Watchdog groups are sounding the alarm over the Trump administration's formal announcement to Congress on Thursday that he will relaunch negotiations over the North American Free Trade Agreement (NAFTA) with Canada and Mexico.
U.S. Trade Representative Robert Lighthizer issued the official notification under a law that allows the president to fast-track legislation through Congress. Lighthizer will now spend the next 90 days consulting with lawmakers about the stance the U.S. should take in the talks, which could come as soon as August 16, Bloomberg reports.
President Donald Trump's stances against NAFTA and the Trans-Pacific Partnership (TPP) and vows to "drain the swamp" of corporate interests were some of the few positions that garnered him some bipartisan support during the campaign—but, like many of his pledges, those appeared to fall through after he took office, opponents said.
Trump "built his campaign by demonizing [NAFTA], which he called 'the worst deal ever,' and by making assurances that he could rework trade deals to protect the American people," said Bill Waren, senior trade analyst for the environmental group Friends of the Earth. "Now he plans to give another handout to corporations through renegotiating NAFTA."
Trump's plan for the maligned, decades-old deal—leaked in March—shows a NAFTA that "will encourage corporations to pollute our air and water, poison our food, and accelerate climate change," Waren said. The draft proposal would keep some of the trade deal's most controversial provisions, including an arbitration panel that lets investors sue governments for supposed loss of profit imposed by environmental and human rights safeguards.
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Public Citizen likewise tweeted, "His leaked plan looks like a wish list for the very CEOs who've visited him at the #WhiteHouse."
From environmental advocacy to corporate accountability, group after group lined up to condemn the announcement.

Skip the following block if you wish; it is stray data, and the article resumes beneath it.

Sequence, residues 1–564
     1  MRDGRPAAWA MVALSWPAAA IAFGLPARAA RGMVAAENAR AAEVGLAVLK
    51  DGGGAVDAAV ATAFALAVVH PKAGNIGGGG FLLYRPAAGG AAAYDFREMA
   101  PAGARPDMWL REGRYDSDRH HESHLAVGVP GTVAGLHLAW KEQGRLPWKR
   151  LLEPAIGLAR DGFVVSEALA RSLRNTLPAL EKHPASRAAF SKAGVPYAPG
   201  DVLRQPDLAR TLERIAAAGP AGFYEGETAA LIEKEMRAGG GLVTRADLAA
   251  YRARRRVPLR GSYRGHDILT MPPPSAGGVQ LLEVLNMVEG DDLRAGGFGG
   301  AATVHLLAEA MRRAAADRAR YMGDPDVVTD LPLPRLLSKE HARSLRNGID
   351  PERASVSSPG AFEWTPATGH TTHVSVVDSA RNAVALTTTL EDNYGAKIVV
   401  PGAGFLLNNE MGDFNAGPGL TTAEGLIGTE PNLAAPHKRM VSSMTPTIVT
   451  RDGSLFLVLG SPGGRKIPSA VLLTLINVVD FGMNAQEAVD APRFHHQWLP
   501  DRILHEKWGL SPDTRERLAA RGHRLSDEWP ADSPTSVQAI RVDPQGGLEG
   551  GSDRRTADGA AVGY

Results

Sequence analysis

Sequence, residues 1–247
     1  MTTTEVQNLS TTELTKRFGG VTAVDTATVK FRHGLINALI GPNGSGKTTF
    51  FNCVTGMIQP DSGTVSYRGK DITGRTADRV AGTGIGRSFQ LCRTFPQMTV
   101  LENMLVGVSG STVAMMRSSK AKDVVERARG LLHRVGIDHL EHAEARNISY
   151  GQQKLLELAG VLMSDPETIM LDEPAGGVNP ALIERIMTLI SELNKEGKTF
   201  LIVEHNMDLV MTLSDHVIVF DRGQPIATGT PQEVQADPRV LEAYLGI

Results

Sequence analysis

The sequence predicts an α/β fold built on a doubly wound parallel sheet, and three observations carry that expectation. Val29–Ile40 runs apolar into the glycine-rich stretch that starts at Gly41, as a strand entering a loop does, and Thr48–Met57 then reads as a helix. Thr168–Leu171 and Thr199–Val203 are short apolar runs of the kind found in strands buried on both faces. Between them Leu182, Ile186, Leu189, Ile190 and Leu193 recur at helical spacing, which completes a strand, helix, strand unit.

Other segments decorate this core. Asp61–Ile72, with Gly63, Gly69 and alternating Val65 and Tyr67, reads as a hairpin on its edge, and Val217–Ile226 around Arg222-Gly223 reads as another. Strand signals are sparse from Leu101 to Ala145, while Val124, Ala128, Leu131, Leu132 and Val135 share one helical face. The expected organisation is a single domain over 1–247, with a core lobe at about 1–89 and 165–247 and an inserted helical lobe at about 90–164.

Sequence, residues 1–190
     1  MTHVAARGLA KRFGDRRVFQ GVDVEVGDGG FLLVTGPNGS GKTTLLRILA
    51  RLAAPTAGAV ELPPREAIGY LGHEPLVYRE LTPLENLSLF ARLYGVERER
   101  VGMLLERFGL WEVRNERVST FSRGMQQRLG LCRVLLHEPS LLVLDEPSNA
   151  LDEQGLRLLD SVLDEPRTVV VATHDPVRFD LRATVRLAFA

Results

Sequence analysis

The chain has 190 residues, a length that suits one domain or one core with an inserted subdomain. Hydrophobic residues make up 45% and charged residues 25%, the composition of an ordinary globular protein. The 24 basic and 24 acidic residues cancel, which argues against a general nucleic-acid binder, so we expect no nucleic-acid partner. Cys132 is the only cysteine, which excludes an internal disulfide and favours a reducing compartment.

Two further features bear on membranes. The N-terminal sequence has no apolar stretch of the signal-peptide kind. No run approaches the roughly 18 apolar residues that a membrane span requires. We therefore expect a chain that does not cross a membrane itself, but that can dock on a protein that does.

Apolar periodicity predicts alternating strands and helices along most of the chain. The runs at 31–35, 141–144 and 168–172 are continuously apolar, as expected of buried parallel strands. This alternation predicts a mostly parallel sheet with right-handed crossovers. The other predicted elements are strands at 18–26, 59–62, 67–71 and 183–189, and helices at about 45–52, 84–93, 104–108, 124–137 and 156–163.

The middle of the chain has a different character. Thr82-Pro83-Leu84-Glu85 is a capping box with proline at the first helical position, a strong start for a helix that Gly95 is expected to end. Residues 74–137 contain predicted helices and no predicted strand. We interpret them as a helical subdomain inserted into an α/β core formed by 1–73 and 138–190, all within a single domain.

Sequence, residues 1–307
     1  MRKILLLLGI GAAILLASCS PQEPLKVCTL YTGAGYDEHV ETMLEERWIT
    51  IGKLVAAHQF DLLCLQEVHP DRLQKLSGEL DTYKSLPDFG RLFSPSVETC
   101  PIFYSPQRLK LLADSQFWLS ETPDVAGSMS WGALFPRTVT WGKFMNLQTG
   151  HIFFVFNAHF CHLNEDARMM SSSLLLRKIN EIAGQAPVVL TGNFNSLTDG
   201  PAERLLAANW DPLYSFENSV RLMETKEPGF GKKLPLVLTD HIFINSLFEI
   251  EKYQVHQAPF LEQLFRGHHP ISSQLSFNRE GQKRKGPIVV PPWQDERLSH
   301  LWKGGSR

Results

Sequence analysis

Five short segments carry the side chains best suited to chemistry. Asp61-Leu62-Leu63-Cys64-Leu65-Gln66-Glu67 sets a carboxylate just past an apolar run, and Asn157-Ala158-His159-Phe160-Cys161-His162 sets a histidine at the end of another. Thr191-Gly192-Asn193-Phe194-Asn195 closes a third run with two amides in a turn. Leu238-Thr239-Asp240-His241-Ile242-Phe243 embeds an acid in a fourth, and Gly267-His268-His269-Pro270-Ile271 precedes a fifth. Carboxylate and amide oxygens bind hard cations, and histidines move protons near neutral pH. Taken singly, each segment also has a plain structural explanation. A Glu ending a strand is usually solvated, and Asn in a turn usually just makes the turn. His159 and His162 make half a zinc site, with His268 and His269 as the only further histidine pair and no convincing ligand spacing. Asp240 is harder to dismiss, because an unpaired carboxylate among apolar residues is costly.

"If corporate elites are allowed to dictate how NAFTA is renegotiated, the agreement could become more damaging for working families and the environment in the three countries," said Public Citizen's Global Trade Watch director Lori Wallach, noting that "Trump's conflicts of interest and self-dealing opportunities with NAFTA renegotiation are not hypothetical; the sprawling Trump business empire has 14 Canadian and two Mexican investments."
Food & Water Watch (FWW) executive director Wenonah Hauter said it "presents more perils than promise."
"The 25-year old corporate free trade pact has cost hundreds of thousands of jobs, given foreign corporations like TransCanada broad new powers to challenge U.S. environmental protections, and exposed consumers to risky imported foods," Hauter said. "Trump campaigned against the free trade deals like NAFTA that have shuttered factories and exacerbated economic inequality and he withdrew from the even more corporate-friendly [TPP] after he took office. But the administration's actions have not lived up to its rhetoric on U.S. trade policy and now the White House is signaling that NAFTA needs only minor tweaks instead of a major rewrite."